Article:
by Hannah Lambie-Mumford and Rachel Loopstra
Beveridge identified ‘want’ as one of his five evils, yet 70 years of social policy later, we are confronted once again with the existence of extreme levels of ‘want’ in our communities. One of the most visible signs of this has been the growing use of food banks across the country. While feeding programmes to alleviate hunger have a long history in Britain, the expansion of food banks embodies a notable shift away from a social safety net intended to ensure that not being able to work or earn sufficient amounts of money do not result in destitution.
The largest national network of food bank providers, The Trussell Trust, has grown from 132 food banks providing 61,468 parcels of food in 2010–2011 to 428 food banks providing almost 1.2 million parcels in 2016–2017. That’s a startling 19-fold increase in parcels delivered. These food banks now operate about 1,200 distribution centres. The recent establishment of the Independent Food Aid Network suggests that there is also a strong food bank movement outside of The Trussell Trust, with recent estimates of operations at around 700 independent sites.
This expansion of provision coincides with some of the biggest sets of reforms and changes to state provision that the British welfare state has ever seen. Already, clear links have been established between austerity, welfare reform and the rise of food banks. The profile of people using food banks reflects groups impacted by changes in entitlements and conditionality, as do the reasons why people are referred to food banks.
The problem of voluntary provision and inadequate reach
While some have celebrated the rise of food banks as a sign of the generosity of communities to support people in need, the substitution of food banks for an adequate social safety net is problematic for many reasons. For starters, the provision is voluntary. A growing amount of national and international research highlights that people have no rights to or within these systems. Provision can be precarious, nutritionally inadequate, and inaccessible. The help offered is inherently limited by the reliance on donated goods and volunteers’ time. As such, even if intended to be a second net in cases where people fall through the social security net, there is little evidence that food banks can do this reliably or effectively.
Furthermore, food banks do not reach most of those who are food insecure. The Food Standards Agency’s (FSA) Food and You survey recently found that eight percent, or about four million, adults in England, Wales, and Northern Ireland were experiencing food insecurity, which means they experienced food running out and going without food because of a lack of money. An additional 13 percent were only marginally food secure. Data published in 2017 from Unicef found that 10.4 percent of children in the UK — the highest proportion anywhere in Western Europe — live with someone who is severely food insecure. Based on the number of individuals estimated to be using Trussell Trust food banks and the number estimated to be living in food insecure households, it is estimated that 17 times more people are food insecure than are captured in food bank figures.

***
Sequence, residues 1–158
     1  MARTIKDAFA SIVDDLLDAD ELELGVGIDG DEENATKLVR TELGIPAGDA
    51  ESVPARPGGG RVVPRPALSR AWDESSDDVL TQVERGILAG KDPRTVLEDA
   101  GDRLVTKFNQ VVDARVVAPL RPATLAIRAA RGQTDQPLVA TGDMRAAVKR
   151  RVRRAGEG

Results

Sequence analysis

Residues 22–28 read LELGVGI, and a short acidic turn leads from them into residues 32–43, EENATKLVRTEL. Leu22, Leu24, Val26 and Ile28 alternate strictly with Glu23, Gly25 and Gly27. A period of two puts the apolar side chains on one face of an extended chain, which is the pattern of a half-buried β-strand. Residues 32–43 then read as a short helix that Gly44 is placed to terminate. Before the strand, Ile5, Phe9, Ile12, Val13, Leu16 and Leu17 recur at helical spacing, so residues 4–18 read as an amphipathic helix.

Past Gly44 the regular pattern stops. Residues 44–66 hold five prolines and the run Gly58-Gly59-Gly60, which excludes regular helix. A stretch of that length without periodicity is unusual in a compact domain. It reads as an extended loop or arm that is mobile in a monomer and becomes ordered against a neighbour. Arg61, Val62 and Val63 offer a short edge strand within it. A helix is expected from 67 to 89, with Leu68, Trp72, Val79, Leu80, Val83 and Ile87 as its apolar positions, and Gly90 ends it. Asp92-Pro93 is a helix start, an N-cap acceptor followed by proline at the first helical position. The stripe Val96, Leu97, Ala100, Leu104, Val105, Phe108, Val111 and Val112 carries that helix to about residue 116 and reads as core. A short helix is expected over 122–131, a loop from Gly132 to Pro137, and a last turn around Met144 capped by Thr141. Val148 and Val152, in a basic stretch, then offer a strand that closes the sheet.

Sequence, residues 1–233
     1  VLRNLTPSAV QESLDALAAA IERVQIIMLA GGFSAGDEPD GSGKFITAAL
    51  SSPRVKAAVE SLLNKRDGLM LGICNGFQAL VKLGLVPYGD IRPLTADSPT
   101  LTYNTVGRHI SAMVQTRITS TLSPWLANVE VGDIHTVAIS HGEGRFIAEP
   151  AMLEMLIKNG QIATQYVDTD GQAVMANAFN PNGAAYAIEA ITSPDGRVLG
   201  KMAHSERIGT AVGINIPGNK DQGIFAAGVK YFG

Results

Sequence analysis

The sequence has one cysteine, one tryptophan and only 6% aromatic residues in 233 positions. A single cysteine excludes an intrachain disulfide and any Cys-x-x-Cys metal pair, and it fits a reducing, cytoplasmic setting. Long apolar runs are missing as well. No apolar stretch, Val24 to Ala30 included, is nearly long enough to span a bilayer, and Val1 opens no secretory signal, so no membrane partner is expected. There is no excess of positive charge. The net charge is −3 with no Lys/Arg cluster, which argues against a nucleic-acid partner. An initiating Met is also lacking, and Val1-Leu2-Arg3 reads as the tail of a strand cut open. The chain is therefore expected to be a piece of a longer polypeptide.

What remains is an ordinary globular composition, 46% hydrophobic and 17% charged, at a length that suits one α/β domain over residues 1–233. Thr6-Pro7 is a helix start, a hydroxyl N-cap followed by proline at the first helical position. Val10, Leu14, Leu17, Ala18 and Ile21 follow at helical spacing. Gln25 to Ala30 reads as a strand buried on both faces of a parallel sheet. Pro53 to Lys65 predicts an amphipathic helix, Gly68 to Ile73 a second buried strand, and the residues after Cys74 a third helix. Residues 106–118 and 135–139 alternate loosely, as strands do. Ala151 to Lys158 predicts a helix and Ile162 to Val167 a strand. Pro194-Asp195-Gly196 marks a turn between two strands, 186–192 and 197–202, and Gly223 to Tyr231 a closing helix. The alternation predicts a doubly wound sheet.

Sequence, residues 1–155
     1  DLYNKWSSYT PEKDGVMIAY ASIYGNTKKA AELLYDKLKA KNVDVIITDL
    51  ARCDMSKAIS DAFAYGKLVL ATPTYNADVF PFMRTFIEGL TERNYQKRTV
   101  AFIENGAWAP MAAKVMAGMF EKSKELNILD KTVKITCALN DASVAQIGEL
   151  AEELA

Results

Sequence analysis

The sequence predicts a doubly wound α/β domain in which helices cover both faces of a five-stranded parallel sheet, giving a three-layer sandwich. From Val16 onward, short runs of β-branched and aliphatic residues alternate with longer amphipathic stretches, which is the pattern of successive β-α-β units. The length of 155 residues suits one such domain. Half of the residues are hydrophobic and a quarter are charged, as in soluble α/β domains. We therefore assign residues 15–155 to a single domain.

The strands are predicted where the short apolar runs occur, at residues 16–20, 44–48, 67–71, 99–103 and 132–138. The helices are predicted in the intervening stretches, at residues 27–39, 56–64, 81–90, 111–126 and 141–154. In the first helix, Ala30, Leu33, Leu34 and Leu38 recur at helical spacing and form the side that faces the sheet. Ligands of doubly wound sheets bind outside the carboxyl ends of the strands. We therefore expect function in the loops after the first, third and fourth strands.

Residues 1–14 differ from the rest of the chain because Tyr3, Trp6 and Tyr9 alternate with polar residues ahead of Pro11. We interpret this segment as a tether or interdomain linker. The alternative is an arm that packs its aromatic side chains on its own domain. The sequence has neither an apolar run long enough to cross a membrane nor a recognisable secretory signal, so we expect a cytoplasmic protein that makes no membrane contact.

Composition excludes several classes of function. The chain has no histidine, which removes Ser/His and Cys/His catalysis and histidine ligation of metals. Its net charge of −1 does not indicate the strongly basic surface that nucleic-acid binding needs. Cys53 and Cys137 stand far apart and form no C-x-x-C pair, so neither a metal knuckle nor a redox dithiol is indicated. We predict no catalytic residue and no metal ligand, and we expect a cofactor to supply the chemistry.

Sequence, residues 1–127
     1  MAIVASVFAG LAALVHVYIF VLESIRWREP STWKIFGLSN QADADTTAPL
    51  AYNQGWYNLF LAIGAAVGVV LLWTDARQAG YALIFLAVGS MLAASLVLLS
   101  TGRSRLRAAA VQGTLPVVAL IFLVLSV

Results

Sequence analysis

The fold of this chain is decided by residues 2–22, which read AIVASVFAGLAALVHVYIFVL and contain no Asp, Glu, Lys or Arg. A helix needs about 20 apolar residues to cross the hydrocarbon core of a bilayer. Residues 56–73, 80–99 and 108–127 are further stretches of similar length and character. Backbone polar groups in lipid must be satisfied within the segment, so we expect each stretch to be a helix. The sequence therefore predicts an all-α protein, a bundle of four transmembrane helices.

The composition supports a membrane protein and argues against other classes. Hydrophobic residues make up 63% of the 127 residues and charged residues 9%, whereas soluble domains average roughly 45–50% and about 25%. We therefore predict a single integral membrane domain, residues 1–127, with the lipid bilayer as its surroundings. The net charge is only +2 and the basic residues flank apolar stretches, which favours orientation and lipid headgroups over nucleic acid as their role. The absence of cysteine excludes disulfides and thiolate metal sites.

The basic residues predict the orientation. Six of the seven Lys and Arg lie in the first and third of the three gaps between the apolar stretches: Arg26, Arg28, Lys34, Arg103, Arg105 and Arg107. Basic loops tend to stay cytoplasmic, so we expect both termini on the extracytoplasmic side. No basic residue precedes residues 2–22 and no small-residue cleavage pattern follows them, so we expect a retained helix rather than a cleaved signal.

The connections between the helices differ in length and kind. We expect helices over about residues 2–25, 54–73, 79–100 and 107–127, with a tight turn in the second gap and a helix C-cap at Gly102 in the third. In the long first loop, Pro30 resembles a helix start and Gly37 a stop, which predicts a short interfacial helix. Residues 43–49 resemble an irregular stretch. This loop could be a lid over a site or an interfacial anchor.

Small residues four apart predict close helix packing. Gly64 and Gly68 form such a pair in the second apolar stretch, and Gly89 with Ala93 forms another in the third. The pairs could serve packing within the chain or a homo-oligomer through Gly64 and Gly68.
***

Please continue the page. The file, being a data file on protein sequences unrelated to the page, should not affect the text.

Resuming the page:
How social policy can guide the way forward
Given that voluntary emergency food provision cannot address the scale or root causes of hunger, it is important that social policy research plays a prominent role in the emerging evidence base documenting experiences of hunger and responses to it. As seen with the rapid expansion of food banks, communities are now looking for ways to help people experiencing food insecurity, especially in ways that make the receipt of food more socially acceptable. Yet these programmes — holiday hunger clubs, community shops, cooking activities — may be limited in some of the same ways as food banks. They too are often voluntary and outside of social norms (i.e. shopping from supermarkets, cooking in your own kitchen, feeding your own children). They can also be ill-matched to the needs of people experiencing food insecurity. There is an urgent need for well-designed, UK-based research that explores if these interventions prevent and alleviate hunger, and who they reach.
Any findings also need to be placed alongside research on social protection, including social security and housing. Low and insecure incomes, unemployment, and unaffordable housing are all risk factors for households not having enough money for food. Evidence suggests that across Europe, countries that had high levels of investment in social protection over 2005 to 2012 were largely protected from the increase in food insecurity associated with the unemployment and declining wages observed during the Great Recession.
In contrast to voluntary community programmes, social protection policies have the potential to have large, population-level impact. Here, in particular, social policy researchers have a unique contribution to make in this field and will need to be at the forefront of proposals for progressive, evidence-based ways forward.
Hannah Lambie-Mumford is a Research Fellow at the Sheffield Political Economy Research Institute (Speri), University of Sheffield. Her book Hungry Britain: the rise of food charity was published by Policy Press in 2017. She tweets @hlambiemumford.
Rachel Loopstra is a Lecturer in Nutrition in the Department of Nutritional Sciences at King’s College London. Her review, “Interventions to address household food insecurity in high-income countries” is forthcoming in the Proceedings of the Nutrition Society. In 2017, she published a report on the profile of people using food banks across The Trussell Trust Foodbank Network. She tweets @rloopstra.